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Quartet Of New Grass Varieties From AFBI

28 November 2011

NORTHERN IRELAND, UK - Four new forage grasses, bred by the Agri-Food and Biosciences Institute, will be released at the Royal Ulster Agricultural Society’s Winter Fair, further extending the portfolio of varieties which has been specifically bred for use on local farms.

These four new grasses have been developed by the AFBI Loughgall programme over the last 12 years, representing a very significant financial investment by DARD and the seed specialist company Barenbrug.

In recent years, AFBI-bred varieties have increasingly been used on farms throughout the UK and Ireland as farmers appreciate the value of using grasses which have been selected and evaluated under local climatic conditions. Varieties such as Navan, Spelga, Tyrella, Portstewart and Drumbo have had a huge impact on the grassland sector, setting new standards for yield, herbage quality and persistency.

The four new varieties to be released at the Winter Fair have all been listed by DARD in the 2011/12 Recommended List and details are as follows:

Moyola is a new early diploid variety, produced out of a cross between Moy and a New Zealand variety, with exceptional early spring and autumn growth and high resistance to crown rust. Moyola is a perfect variety for farms which can turn out stock to graze in early March, very similar to new Zealand varieties in terms of long-season productivity but with better winter hardiness.

For almost 20 years the AFBI variety Glen has been very popular on local farms, renowned for its high sward density, which is especially valuable on land subject to poaching. AFBI’s new intermediate diploid variety Copeland is a Glen replacement, producing dense leafy swards of high quality grass. There was a limited release of Copeland in spring 2011 and very positive comments have come back from farmers who were fortunate to get supplies of this new variety.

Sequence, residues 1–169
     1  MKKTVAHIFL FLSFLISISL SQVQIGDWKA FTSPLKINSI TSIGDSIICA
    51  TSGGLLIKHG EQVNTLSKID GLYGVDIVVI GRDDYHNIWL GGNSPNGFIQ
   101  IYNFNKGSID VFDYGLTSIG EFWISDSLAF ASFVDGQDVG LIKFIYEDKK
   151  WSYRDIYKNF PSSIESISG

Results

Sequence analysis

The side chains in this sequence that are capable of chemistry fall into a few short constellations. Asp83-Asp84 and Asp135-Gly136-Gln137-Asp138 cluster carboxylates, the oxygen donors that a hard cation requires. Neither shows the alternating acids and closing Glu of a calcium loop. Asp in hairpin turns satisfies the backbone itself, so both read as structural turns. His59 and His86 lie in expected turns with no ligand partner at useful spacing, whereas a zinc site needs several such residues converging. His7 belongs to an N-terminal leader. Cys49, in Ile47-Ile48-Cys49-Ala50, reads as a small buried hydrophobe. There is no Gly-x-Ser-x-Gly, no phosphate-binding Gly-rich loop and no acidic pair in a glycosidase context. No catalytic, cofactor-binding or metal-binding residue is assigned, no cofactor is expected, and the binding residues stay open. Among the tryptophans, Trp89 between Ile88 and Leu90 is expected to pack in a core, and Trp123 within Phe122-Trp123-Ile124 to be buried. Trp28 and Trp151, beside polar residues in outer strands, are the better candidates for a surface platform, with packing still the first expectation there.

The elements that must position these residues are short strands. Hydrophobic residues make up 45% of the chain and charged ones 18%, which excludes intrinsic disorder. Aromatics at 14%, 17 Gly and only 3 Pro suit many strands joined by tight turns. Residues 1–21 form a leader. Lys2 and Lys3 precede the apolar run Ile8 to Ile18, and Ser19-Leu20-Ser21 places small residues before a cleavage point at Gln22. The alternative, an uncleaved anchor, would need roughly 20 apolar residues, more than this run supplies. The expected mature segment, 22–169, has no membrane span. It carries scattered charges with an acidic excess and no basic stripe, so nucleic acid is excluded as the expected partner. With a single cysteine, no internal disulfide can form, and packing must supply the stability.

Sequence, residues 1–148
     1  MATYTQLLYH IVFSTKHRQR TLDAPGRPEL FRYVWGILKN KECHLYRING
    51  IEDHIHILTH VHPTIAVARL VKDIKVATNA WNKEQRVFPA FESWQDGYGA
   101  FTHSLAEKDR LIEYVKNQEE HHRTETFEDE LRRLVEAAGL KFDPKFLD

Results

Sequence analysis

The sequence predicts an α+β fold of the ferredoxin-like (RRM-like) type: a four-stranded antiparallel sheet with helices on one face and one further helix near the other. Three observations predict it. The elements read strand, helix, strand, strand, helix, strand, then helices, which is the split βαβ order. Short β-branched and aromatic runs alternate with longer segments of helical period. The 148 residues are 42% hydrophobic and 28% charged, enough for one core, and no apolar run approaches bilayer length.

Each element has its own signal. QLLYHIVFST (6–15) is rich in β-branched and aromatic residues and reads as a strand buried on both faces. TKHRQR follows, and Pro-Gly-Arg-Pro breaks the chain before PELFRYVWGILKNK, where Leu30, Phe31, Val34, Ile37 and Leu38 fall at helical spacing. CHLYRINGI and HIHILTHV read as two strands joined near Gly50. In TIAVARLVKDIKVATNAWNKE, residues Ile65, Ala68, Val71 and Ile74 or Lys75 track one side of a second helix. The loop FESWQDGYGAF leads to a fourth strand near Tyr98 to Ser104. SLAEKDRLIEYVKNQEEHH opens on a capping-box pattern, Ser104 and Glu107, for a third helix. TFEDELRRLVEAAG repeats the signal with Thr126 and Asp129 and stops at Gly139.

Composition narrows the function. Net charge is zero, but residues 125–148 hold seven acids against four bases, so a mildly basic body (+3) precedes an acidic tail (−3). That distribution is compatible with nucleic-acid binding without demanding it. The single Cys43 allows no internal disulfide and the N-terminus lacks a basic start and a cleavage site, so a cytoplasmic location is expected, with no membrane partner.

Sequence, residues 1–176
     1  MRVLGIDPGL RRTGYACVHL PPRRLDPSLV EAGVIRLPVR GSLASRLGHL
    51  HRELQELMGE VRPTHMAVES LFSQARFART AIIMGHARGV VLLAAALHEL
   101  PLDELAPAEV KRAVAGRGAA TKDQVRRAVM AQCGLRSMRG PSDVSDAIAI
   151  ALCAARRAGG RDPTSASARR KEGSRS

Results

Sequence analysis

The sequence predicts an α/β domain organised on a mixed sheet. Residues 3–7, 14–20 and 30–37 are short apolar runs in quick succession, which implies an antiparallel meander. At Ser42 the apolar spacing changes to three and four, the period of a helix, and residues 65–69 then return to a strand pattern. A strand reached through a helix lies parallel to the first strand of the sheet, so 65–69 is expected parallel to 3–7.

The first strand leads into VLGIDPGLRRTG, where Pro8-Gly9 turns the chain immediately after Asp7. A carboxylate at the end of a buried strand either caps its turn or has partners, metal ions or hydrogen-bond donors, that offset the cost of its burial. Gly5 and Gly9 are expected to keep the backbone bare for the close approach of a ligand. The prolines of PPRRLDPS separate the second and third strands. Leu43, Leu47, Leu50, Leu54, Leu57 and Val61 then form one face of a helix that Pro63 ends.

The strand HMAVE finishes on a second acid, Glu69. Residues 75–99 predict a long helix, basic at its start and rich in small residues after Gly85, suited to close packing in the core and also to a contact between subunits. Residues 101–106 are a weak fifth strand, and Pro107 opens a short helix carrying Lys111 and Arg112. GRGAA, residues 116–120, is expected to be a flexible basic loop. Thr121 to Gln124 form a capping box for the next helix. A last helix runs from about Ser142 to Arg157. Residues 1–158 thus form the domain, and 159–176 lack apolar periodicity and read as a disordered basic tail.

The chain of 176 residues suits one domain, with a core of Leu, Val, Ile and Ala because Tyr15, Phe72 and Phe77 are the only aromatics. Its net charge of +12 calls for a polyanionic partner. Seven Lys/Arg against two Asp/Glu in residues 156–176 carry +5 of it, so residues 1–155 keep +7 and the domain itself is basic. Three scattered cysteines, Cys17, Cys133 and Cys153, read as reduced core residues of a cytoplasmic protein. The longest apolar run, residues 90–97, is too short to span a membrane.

Seagoe, a new intermediate tetraploid is one of the most exciting varieties ever to be released from the AFBI programme, producing massive yields of quality grass under silage and grazing. In terms of maturity, Seagoe is mid-way between two other AFBI tetraploids, Malone and Dunluce although it is genetically unrelated to either variety. Demand for Seagoe is expected to be very high as this variety has produced a tremendous performance in Recommended List Trials throughout the UK and Ireland.

In the late maturity group, AFBI varieties Navan and Dunloy are already popular constituents in many seeds mixtures. The new release Dundrum has an excellent two-cut silage yield , with high digestibility and will be a perfect complement for AFBI’s new late diploid varieties Tyrella and Drumbo.

While the main objectives of the AFBI grass breeding programme include breeding for improved total yield, herbage quality and persistency, increasing efforts are being directed into breeding for better disease resistance. For example, in recent years, excessive rainfall in the autumn, such as the conditions we have seen recently, has provided perfect conditions for the onset of the disease leaf spot, caused by the fungus Drechslera siccans. Studies carried out at AFBI Loughgall have found that in the most severely affected varieties, up to 30 per cent of the leaf was affected. In affected swards diseased leaves eventually die off, effectively lowering grass quality for both silage and grazing.

As well as using the main trial site at Loughgall, trials funded by Barenbrug in Aberdeen and Evesham, The Netherlands, France and Germany add valuable extra information, especially on disease resistance and winter hardiness, which is increasingly important considering the recent severe winters.

As a very high percentage of agricultural output from Northern Ireland is dependent upon grass, a steady supply of improved, high yielding and disease resistant varieties, able to cope with changes in farm management or environmental factors, is essential to the future of the industry.



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